I returned home, full, and satisfied, and the additional calories ingested gave me the renewed burst of energy I needed to complete the task of cleaning the spare room.

This year, Mother's day started off a couple of weeks early.  I received an envelope which had no markings and I assumed it was a solicitation, inviting me to attend a conference, on how to make $1 million in less than thirty minutes. Surprisingly enough, I don't attend, but I always open the envelope, mainly due to curiosity.  I had not noticed the postmark and it was a card from Richard and Steph.  It had made me laugh out loud.  It was a retro photo of a woman on the telephone, with the caption, 'The mother's day game of hide and seek ended 12 hours later, when mum called from Texas'.  Inside, they had added to the greeting, 'I am hiding in the garden shed!'  On Sunday, with one card already on the piano, I waited for the signs.  Dana and I had left home early to go and view a house.  We have been 'vaguelly' looking to move, and found a nice property which could possibly be of interest.  Samantha had telephoned Dana using the excuse that my phone was not receiving calls.  I had been, messaging both Richard, and my sister, Elise, so I did not think this was probably, but it was possible.  He handed me the phone, and she asked me how to make a bechemel sauce.   If I was a comic strip character, the cartoon would depict me with my finger on my chin, my lips slightly pursed, and my eyes squinting.  A think bubble would be connected to my head by the smaller 'o's, and the caption would read, 'Hmmmmmm'.  Samantha has been making this white sauce from the time she could reach the stove.  When I make a lasagne, she will take over the 'sauce making'.  However, I giving her the benefit of the doubt, I considered she had a short term memory loss and gave her the recipe. 

Dana had suggested a couple of restaurants for lunch, but another phenomenum had occurred; I was not particularly hungry.  I certainly was not hungry enough for an 'all you can eat beef fest', and the Italian buffet closed at 2pm.  We opted for a cup of coffee with Joe, which Dana concluded would give me enough time to decide where I wanted to eat.  I would have been happy to go home and take a nap!  However, I didn't want to ruin the plans.  While at Joe's, Dana suggested the restaurant that we went to last year, but brunch was over, and the majority of their menu is fish, which I knew Samantha would not enjoy.  I said 'no', and he then suggested a restaurant that Samantha and Edward often frequent.  I thought it was a wonderful idea.  They specialise in family meals, and this would be good for someone who was not particularly hungry.  We could all share.  I told Dana I would be glad to try the new restaurant.  His next mistake was to call Samantha and ask her how to get to the restaurant.  He told her we were at Joe's and would be leaving in a few minutes, probably arriving at the restaurant in about twenty minutes.  Where did she recommend we park, at that time of day. It was a class act.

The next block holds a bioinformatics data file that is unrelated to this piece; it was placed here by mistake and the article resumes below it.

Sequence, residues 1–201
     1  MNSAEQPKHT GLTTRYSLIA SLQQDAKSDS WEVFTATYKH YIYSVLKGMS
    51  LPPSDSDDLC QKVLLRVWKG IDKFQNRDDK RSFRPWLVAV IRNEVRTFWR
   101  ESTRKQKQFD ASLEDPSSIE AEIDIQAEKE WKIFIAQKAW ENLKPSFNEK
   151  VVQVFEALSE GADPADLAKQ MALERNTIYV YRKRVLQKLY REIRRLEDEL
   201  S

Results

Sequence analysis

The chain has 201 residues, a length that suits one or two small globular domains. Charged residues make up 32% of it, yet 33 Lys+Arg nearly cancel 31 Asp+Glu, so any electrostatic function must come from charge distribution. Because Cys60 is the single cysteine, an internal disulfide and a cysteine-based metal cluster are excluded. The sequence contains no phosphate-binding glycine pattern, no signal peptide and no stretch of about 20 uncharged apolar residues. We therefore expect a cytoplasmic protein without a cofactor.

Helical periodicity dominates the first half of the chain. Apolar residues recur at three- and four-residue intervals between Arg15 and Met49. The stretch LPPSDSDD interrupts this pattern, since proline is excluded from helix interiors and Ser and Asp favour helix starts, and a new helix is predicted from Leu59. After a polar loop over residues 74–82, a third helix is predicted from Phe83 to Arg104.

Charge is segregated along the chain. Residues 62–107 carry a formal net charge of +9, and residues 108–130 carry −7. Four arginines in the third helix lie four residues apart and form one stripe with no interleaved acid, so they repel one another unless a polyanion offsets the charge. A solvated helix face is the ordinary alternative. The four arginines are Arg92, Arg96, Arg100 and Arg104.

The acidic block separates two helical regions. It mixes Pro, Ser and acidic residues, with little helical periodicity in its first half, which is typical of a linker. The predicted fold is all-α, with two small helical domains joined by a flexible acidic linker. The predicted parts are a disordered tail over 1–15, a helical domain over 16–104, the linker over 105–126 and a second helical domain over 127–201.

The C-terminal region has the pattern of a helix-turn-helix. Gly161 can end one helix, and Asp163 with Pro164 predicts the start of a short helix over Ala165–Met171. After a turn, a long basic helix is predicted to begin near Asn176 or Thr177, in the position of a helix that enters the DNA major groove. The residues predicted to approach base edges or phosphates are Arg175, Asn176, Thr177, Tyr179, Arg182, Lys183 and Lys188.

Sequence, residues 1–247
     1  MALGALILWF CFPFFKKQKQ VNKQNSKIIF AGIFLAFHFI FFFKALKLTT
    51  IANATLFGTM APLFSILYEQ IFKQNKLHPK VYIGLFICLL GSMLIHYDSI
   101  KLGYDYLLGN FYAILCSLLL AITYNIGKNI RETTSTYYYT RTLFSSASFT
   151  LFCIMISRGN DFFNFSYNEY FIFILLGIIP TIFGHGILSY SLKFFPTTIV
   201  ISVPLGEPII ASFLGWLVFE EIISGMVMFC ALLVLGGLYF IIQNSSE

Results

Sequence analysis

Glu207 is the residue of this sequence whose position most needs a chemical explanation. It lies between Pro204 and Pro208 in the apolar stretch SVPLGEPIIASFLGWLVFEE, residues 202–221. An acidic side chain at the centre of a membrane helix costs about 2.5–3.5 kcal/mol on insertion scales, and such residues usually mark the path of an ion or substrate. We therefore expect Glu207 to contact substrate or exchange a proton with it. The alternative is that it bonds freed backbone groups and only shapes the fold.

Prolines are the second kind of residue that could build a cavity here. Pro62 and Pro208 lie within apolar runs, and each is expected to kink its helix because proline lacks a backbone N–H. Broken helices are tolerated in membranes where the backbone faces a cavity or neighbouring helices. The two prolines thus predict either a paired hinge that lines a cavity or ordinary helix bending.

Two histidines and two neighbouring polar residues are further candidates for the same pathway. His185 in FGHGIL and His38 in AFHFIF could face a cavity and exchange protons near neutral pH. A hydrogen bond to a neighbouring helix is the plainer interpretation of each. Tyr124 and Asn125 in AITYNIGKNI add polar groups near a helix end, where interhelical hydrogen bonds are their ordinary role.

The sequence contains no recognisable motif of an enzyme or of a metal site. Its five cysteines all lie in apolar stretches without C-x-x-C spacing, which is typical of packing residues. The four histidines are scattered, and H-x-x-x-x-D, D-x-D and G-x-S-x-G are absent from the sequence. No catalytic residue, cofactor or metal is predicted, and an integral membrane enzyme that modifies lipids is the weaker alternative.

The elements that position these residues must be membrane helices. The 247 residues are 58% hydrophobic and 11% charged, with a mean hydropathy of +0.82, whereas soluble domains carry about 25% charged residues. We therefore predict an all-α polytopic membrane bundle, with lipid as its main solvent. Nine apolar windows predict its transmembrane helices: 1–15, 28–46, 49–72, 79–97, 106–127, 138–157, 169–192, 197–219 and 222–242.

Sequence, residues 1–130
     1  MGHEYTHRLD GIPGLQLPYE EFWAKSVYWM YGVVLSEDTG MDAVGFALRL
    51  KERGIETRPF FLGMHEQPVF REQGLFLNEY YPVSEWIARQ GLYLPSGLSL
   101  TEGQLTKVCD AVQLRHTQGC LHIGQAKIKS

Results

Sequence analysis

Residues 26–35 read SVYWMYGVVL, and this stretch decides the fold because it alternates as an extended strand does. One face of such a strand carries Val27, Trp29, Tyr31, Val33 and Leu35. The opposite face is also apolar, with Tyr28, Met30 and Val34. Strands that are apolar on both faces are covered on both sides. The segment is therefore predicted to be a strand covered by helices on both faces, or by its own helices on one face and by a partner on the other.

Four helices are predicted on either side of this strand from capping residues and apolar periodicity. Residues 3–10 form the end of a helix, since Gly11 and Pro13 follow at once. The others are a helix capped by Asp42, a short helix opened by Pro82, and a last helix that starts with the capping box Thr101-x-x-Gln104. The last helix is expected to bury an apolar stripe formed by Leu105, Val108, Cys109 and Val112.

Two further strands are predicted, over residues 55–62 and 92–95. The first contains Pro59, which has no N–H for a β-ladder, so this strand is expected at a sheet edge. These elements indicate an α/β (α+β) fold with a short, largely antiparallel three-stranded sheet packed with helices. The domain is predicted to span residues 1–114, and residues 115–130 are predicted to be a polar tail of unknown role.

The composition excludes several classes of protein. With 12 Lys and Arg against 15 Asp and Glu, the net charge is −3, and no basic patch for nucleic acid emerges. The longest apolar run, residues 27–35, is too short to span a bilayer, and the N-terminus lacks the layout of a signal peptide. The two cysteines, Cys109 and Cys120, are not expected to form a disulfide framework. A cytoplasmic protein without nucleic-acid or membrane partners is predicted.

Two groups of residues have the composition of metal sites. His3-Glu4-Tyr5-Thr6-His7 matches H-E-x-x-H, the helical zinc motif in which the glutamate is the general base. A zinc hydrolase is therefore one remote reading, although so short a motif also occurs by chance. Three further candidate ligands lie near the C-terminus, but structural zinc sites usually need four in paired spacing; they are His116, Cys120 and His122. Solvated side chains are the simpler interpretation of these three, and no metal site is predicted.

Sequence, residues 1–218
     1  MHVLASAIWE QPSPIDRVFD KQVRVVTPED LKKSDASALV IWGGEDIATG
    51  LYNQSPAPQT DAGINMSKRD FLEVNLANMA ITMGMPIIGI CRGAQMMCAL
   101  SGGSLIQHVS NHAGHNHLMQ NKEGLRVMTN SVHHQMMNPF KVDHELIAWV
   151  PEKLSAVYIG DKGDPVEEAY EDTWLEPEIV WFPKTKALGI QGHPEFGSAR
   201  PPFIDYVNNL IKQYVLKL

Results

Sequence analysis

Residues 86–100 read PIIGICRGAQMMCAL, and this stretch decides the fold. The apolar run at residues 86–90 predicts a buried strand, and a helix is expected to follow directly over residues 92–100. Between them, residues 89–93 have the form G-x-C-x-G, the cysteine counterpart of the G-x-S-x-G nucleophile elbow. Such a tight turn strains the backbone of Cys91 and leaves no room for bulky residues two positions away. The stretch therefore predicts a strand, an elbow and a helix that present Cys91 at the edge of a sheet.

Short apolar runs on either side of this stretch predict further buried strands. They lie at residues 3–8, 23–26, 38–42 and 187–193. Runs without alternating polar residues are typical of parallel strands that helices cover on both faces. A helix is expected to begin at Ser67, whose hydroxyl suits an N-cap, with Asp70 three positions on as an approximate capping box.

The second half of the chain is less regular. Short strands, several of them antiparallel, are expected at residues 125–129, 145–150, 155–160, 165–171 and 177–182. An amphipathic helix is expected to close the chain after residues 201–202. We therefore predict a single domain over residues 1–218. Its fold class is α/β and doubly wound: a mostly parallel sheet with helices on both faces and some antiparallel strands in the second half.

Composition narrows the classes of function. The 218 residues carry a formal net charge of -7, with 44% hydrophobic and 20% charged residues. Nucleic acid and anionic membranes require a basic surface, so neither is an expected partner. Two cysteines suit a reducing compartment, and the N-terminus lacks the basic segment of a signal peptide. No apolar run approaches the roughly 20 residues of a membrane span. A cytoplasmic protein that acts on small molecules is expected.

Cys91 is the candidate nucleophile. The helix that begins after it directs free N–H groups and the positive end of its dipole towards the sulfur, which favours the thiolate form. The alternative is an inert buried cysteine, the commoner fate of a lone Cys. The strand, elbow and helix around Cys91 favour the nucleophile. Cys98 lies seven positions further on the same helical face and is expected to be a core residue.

We left Joe's on cue, and drove towards the Domain Shopping Village.  As we entered, I was infiltrated with a burst of wickedness.  'Are you sure you want to go to Maggiano's?'  I asked, then continued, as I saw the look of alarm cross Dana's face.  'I really fancy some fish now that we are here'.  Dana doesn't often panic, but it was evident, as he made his next mistake.  'I am really looking forward to trying something new', was his retort.  Dana never has a preference when going out to eat.  I am so blessed in having a husband who always defers to my choice. (Of course, it can be an irritation when I have no idea where I want to eat, but that is most rare!)  I relented, and we parked the car, then walked towards the restaurant.  I noticed a couple sitting on the veranda, rather engrossed in their menus.  Obviously, they were very short sighted as the menus were held very close to their eyes, covering their faces completely.  However, I know my daughter's wardrobe inside out, and the shorts and flipflops was complete confirmation. The host at the desk welcomed us, and asked us where we would like to sit. The response, 'On the patio would be great', caused Dana to have the second panic attack of the day.  'Are you sure', he asked, as I had already started to follow the host towards the door leading outside. 
As we exited onto the veranda, I stated, 'We will sit here', and I pulled out a chair at an occupied table.  It was now the turn of the host to panic, but it was short lived, as Samantha put down her menu and greeted me with a forced, surprised, 'hello, fancy seeing you here!' 

'How could you know!' Dana asked.  He went through the morning's activities, including the conversations, and was sure he did not give anything away.  When I told Samantha that she had made a mistake in asking for the bechemel sauce recipe, he was as amused as he was relieved.  This joy was short lived as I pointed out his downfalls.  I assured them that it didn't matter; it was the thought that counted. I told them that they must take into account that I am a mum, and I know everything!  It is my job to be suspicious. 

I did, however, have a surprise, despite the waiter's insensitivity.  He asked Samantha, after he cleared away the entree plates; 'Should I bring out the cake now?'  The cake was a surprise.  My very talented, clever daughter had made me a teapot.  A proper English teapot for a proper English Mother's Day.  She presented me with a card from the usual suspects, namely Rick, Samantha, Chara, Steph and Edward.

Of course, we shall have another celebration later in May, but we usually lunch at my favourite Mexican restaurant, and add another t-shirt to my collection.     Perhaps the surprise will be that there will not be a surprise, but that would be....another story.

No comments:

Post a Comment